“It really is the best of both worlds,” Colley said.
He said he designed the Acting EL1 T-shirt as a cheeky tribute to his home town and as a Christmas gift option for hard-to-buy-for public servant friends.
“I grew up in Canberra and I love all its quirks and how we all speak in acronyms and public service language,” he said.
“I did a short stint at the ATO before launching Foundry and was fascinated by the public service culture.
“I wanted to design a shirt that was a bit of an in-joke – something that only Canberrans would get.”
Colley, a graphic designer whose client list includes several federal government departments, has been designing and printing T-shirts as a hobby for more than a decade.
While the initial print-run of Acting EL1 shirts is small, Colley has a printing press in his Fyshwick office and is ready to print more quickly if the shirts prove popular.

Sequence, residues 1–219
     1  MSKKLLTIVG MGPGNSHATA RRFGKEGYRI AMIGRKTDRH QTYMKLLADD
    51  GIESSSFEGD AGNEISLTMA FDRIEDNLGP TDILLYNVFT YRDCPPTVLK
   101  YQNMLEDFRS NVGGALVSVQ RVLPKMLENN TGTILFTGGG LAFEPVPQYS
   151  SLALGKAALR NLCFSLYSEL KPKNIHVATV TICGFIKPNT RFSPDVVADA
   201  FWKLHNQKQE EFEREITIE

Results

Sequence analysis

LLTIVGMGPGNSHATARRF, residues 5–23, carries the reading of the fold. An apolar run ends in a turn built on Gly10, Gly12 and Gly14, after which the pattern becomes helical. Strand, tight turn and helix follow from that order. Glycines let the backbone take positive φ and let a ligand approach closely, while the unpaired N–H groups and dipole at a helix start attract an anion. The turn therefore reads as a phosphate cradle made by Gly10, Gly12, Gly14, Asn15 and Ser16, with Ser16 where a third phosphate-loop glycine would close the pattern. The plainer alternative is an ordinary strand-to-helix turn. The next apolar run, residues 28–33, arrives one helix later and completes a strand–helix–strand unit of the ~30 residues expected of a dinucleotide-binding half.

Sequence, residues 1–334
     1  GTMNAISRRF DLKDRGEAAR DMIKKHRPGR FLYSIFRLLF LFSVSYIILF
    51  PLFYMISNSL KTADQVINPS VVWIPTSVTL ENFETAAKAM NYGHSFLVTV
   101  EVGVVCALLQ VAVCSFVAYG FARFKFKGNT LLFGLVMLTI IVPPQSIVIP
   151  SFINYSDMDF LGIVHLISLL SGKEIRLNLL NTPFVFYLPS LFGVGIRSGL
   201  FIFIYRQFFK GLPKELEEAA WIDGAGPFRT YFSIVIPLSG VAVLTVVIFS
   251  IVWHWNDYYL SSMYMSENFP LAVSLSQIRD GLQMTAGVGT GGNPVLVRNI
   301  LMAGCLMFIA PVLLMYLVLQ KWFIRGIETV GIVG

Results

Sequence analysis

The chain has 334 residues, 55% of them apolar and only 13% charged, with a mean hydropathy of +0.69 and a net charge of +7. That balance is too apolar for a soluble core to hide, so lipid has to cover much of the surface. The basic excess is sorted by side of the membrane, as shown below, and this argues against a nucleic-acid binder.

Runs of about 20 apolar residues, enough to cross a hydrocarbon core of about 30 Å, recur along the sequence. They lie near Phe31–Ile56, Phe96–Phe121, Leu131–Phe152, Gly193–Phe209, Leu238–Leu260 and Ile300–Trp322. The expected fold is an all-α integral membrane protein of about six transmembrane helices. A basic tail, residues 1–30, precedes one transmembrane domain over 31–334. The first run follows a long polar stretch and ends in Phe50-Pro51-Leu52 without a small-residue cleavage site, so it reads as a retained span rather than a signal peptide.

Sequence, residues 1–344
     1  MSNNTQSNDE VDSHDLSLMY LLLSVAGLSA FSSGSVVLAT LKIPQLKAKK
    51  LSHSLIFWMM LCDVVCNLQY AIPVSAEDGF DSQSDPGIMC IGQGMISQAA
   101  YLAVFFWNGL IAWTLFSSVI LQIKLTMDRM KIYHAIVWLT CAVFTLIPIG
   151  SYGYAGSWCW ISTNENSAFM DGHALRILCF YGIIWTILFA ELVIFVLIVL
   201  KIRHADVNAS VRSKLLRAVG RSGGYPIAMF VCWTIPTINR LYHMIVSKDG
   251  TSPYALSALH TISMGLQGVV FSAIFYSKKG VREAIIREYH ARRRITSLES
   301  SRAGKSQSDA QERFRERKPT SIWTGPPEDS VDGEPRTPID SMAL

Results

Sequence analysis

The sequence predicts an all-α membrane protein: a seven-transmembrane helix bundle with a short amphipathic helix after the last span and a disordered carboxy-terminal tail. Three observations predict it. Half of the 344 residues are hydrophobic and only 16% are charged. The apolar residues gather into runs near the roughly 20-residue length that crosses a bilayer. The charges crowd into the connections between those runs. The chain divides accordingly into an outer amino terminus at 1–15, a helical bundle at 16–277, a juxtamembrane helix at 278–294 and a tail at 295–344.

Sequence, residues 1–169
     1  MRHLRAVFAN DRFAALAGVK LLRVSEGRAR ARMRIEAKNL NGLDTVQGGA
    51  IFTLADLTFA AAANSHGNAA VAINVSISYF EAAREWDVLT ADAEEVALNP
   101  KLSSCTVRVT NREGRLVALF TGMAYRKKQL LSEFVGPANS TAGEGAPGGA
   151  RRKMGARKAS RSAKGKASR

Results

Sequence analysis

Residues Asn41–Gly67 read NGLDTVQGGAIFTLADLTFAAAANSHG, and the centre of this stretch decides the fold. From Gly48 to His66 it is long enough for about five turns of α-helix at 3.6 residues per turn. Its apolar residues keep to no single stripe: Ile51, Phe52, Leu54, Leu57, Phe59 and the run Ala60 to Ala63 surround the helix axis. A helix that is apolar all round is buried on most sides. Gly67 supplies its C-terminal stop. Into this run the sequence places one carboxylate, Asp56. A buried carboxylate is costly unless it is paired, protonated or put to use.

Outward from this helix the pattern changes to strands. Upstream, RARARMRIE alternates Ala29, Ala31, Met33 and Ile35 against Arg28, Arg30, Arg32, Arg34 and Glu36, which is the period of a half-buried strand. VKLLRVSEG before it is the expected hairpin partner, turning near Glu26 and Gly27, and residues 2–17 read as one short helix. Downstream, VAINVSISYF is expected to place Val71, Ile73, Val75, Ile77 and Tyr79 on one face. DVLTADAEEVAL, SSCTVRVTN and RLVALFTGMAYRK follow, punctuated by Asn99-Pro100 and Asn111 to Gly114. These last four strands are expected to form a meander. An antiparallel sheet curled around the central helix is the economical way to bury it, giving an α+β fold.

“It’s designed as a conversation starter – my dream is to see all the Acting EL1s out there in their shirts having a pint in a beer garden over summer,” he said.
In other public service news, we understand Canberrans are now using “EL2” as a verb in situations outside of work – as in, “she EL2ed me”.
The verb apparently means to approach a problem in an unnecessarily complicated way, ensuring that a consensus is reached for every tiny step along the way.
Read the story of a Canberra mum being “EL2ed” in a school playground here.
Foundry’s T-shirt collection can be found online at http://foundryco.com.au/store/